Intrinsic safety limits the amount of energy a particular electrical device can generate or store, typically in the 5 to 24 V range. Control systems seldom fall in this category.

Explosion proof enclosures are designed to contain an explosion, not pre- vent one. They are generally constructed of cast iron or aluminum, and provide limited access usually rendering them unsuitable as control system enclosures.

Purging technologies are frequently used when installing a control system in a hazardous environment. The control system enclosure is usually rated NEMA 4 or 4X and is fitted with a means of providing a continuous flow of inert gas or instrument air which pressurizes the enclosure and prevents the intrusion of explosive substances. A pressure switch is installed to monitor for enclosure pressurization. Enclosures installed in areas assigned a Class I – Division 2 rating, require a Type Z purge system where the pressure switch generates an alert when enclosure pressurization is not present. Enclosures installed in Class I – Division 1 areas require the additional protection provided by Type X purge systems. The loss of enclosure pressurization requires an interruption of all electrical power to the enclosure. Before electrical power can be reenergized, the purge system must perform a “rapid exchange purge” in which four volumes of air are passed through the enclosure.

Heat is an electronic system’s worst enemy. Studies have demonstrated that electronic reliability decreases 50% for each 10 8F the electronics are operated above their upper temperature design limit. Since heat is so destructive to electronics, a process engineer’s knee-jerk reaction often is to “throw a lot of cooling” into an enclosure. However too much cooling can create condensate problems. The Genesis line of air conditioners from McLean Midwest (Champlin, Minn.) provides a condensate management system, eliminating the need for external drains or an optional condensate evaporator.

Enclosure manufacturers are able to offer a variety of cooling options that can be grouped into one of three categories.

Thermal/convection cooling is accomplished by heat being dissipated through the skin of the enclosure, using a heat-sink arrangement, or by some form of fan/filter system.

Near-ambient cooling is achieved using active air-to-air heat exchangers. This is a medium-cost solution and should be considered when the outside ambient temperature is 10 8F below the maximum operating temperature of the electronics to be protected.

xBelow-ambient cooling can be accomplished by traditional air-conditioner systems, solid state air conditioners, water-to-air heat exchangers, and vortex-style air coolers.

The use of thermoelectric cooling, or “solid-state-cooling,” is gaining in popularity. These coolers are suitable for washdown, feature a smaller footprint than conventional air conditioning systems, and with no compressor, evaporator, or condenser, result in less maintenance. Solid state cooling uses dissimilar conductors of doped Bismuth Telluride to replace “refrigerant.” The compressor is replaced by dc power, supplied from an internal ac to dc power supply, which “pumps” electrons from one semiconductor to the other. The use of heat sinks and fans, both inside and out, replaces the “condenser” fins and enhances the cooling effect to achieve the required cooling.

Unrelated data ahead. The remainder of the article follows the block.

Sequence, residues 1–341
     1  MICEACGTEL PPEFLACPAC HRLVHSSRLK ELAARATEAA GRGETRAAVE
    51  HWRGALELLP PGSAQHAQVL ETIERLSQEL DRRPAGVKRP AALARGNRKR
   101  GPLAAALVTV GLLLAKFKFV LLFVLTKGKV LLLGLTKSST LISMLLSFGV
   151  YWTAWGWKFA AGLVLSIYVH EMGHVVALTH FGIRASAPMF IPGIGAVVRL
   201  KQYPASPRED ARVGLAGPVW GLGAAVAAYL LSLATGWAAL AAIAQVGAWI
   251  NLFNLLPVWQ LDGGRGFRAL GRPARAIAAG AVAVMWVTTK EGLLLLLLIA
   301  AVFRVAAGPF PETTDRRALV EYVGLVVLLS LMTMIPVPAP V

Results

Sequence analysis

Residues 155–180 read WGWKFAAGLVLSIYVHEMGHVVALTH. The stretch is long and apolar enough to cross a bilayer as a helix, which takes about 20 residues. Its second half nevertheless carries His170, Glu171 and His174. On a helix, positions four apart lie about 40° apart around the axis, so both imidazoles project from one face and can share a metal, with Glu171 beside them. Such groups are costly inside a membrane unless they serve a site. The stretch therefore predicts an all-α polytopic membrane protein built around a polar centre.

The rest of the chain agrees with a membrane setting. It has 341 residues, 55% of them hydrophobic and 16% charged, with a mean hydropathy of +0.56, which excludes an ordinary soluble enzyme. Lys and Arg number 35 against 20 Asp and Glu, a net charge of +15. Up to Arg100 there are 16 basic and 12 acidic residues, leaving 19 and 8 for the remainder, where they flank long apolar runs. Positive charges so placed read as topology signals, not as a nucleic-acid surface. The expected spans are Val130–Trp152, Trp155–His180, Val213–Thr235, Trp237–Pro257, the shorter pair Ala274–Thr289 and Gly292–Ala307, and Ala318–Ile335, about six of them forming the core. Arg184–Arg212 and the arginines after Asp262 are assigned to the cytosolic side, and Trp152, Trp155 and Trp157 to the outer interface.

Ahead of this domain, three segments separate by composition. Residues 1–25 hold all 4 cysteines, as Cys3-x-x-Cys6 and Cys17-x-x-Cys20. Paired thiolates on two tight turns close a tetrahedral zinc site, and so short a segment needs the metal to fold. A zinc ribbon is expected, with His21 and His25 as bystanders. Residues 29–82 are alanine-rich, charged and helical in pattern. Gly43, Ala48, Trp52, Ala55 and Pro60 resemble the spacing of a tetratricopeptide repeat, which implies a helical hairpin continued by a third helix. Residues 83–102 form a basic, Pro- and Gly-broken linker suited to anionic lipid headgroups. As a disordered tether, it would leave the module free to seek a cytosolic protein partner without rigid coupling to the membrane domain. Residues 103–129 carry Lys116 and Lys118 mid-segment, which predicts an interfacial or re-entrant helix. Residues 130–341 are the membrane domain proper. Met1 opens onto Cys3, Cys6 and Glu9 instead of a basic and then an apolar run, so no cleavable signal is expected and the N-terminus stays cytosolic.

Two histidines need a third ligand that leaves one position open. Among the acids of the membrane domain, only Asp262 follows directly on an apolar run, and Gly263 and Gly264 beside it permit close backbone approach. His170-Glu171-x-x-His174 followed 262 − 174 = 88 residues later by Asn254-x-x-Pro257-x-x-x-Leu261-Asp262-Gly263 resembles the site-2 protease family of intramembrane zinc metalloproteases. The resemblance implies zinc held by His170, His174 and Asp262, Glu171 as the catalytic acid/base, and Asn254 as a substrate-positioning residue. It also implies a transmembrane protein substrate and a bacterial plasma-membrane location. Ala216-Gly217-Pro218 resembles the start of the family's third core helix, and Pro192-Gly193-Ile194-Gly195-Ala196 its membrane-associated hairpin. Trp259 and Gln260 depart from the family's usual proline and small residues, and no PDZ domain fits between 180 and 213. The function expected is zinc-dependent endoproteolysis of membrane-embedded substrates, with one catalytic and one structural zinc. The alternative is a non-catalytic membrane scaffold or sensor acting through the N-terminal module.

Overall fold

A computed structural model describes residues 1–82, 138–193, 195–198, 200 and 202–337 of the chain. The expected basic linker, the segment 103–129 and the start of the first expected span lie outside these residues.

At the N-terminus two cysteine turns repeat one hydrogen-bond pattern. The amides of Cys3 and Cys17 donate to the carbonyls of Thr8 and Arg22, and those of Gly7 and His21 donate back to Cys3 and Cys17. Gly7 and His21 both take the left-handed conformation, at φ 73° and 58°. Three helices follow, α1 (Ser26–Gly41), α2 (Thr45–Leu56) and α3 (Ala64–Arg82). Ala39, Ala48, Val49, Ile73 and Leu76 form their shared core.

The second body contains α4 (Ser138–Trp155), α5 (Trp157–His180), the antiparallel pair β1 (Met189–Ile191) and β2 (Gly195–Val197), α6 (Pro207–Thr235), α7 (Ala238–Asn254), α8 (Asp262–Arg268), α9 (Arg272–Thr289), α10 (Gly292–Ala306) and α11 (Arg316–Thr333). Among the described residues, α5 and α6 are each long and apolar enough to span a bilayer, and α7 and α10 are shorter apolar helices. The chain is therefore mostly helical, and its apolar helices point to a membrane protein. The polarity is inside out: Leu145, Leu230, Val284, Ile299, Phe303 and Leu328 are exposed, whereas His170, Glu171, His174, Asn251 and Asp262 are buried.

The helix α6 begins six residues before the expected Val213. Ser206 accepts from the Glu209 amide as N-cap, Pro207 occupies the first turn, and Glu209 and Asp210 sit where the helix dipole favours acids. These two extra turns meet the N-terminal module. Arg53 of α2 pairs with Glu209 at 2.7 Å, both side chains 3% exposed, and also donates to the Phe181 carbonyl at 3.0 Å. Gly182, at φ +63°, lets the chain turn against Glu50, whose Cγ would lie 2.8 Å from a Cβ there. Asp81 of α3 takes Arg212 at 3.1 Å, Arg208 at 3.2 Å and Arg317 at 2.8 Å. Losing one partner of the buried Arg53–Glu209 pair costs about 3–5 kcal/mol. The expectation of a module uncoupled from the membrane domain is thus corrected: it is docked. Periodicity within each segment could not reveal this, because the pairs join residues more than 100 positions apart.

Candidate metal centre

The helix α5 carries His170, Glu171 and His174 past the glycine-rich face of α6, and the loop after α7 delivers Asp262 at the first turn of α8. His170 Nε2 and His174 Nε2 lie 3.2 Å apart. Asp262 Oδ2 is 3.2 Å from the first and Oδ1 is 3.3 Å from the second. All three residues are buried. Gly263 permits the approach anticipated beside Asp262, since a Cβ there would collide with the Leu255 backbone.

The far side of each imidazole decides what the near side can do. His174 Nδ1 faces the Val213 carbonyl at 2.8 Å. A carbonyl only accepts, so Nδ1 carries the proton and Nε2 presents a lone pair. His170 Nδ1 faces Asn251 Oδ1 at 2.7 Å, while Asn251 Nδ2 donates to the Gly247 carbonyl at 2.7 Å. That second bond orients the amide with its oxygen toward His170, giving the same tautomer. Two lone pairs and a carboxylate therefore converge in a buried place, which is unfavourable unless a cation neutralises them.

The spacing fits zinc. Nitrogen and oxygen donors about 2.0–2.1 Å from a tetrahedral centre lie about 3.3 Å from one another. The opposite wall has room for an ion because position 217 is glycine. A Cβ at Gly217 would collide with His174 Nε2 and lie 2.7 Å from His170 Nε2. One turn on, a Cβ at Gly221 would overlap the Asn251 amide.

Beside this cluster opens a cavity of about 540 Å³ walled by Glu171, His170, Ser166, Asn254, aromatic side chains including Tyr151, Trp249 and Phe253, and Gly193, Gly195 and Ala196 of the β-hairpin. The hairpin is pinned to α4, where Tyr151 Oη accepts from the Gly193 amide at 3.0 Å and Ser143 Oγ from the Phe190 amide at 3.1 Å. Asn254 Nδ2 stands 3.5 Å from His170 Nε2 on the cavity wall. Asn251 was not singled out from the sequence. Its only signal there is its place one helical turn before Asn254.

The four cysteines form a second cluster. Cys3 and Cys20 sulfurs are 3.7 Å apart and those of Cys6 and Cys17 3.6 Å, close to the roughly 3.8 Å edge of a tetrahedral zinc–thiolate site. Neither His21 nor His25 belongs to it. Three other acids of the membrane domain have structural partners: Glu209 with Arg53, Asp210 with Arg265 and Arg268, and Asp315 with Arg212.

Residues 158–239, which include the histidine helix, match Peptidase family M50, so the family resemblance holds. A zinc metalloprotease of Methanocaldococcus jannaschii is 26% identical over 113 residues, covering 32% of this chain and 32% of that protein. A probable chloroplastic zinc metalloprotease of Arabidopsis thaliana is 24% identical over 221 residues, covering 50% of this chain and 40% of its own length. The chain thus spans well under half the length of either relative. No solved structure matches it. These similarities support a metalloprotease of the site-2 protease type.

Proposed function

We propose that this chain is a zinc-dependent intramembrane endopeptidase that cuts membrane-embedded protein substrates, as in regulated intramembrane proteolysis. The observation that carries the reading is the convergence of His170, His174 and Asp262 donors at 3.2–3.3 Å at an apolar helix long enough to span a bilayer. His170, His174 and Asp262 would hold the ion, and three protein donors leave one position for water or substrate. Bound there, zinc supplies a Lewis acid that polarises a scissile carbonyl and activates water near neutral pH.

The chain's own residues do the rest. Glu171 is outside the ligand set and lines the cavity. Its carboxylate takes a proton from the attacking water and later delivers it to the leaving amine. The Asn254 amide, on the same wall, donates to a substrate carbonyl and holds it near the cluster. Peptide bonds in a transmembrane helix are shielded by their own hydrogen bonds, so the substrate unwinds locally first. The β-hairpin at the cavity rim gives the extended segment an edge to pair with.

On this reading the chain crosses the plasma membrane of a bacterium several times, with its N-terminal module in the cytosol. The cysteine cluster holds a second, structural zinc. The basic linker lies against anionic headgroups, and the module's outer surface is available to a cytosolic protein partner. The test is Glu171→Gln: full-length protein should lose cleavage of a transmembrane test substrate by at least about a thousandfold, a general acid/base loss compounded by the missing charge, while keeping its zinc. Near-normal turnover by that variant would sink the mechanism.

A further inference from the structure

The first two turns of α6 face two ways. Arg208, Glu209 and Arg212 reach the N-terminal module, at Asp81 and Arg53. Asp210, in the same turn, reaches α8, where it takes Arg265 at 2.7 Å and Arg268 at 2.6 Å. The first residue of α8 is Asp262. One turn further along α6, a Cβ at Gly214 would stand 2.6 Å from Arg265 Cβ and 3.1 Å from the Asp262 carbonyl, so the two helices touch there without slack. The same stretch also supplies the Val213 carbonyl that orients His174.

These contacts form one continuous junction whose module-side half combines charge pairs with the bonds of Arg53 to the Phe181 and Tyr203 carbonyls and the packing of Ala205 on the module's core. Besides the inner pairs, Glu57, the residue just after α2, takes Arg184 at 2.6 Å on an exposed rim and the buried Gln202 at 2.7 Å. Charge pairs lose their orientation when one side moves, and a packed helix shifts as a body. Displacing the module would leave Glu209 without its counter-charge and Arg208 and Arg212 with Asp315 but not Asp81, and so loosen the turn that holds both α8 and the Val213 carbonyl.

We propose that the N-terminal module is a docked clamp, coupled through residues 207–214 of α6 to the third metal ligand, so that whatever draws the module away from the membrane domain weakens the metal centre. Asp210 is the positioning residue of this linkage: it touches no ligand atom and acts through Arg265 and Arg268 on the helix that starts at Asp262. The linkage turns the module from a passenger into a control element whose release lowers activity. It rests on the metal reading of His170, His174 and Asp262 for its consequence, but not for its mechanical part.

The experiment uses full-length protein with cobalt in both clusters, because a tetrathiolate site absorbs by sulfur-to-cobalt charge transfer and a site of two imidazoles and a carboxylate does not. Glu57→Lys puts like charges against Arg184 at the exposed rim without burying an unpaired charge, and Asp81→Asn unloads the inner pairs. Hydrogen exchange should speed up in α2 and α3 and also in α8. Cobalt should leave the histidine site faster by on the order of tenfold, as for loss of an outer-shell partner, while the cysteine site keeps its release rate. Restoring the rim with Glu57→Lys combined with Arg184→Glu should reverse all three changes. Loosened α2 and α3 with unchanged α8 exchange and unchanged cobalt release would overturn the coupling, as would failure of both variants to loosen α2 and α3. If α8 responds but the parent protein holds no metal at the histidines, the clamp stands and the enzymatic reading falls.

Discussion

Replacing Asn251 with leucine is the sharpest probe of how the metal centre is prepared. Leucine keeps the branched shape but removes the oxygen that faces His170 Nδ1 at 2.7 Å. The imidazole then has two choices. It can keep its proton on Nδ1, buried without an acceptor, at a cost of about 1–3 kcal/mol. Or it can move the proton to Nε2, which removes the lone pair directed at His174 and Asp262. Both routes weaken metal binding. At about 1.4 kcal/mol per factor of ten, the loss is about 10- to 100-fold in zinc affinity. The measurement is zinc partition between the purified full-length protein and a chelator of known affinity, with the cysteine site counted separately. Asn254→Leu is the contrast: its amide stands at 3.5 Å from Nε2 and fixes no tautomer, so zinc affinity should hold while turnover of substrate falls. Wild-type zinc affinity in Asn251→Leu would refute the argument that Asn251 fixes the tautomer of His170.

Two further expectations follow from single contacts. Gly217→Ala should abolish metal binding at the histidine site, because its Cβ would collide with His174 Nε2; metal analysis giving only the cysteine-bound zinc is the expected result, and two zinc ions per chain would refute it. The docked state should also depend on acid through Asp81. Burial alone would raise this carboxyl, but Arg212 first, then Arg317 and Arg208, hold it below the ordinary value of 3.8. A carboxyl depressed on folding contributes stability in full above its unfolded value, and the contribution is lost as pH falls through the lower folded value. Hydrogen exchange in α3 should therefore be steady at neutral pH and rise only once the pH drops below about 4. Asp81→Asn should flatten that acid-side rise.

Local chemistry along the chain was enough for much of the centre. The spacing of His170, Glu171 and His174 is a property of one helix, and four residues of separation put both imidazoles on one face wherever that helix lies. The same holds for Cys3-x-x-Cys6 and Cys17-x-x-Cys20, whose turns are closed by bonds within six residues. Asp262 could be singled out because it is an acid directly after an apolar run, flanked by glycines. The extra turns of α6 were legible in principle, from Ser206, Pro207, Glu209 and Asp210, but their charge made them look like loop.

Diverse deployment of electronic devices increases the need to provide protection against dynamic stress influences such as shock, including earthquakes, and vibration. Dynamic stress can be divided into short- and long-term stress. Short-term stress results when shock conditions are encountered in shelters or machines. Long-term stress occurs during stationary operations when machines are in the vicinity, during periods of transportation, and during intermittent disturbances such as when generators stop and start. Mission critical electronic installations, such as hospitals, airport operations, police and fire dispatching systems, and mass transit systems should consider enclosures that can minimize the stress influences of shocks and vibrations. Hoffman and Rittal offer enclosure shock and vibration damping solutions. Electronics Corp. (Aurora, Ill.) and Hoffman each manufacture enclosures designed to withstand the most severe (Zone 4) earthquakes.

Control systems are changing in a host of ways. Enclosure manufacturers are working hard to keep up with the changes and to have solutions ready when users need them.

VXI mainframe enclosure

Wallingford, Conn. —Designed for “plug and play” applications, the VXI chassis features a 13-slot configuration and can be mounted in a 19-in. rack. Designed to be FCC Class A and Class B compliant after integration, the VXI is also UL/CUL and CE (low voltage directive) approved. The 1,600 W power supply ensures that the maximum current cited in the VMIbus specification can be met. Vero Electronics Inc.

Modular electronics housings

Harrisburg, Pa. —Provided with DIN rail mounting, metal latching feet, pluggable connections, earth ground contact, ventilation for heat dissipation, and full or partial PCB removal, the Smart Housing provides OEMs a pre-engineered enclosure for custom printed wiring boards. Phoenix Contact

Adapter kit saves space

Rochester, N.Y. —Designed to increase an enclosures capacity for cabling and wiring, this kit allows mounting of 19-in. EIA rails in a 24-in. enclosure. The extra space is available for cable intensive applications, such as telecommunications and networking, to safely house components and cabling in the same enclosure. EMCOR Products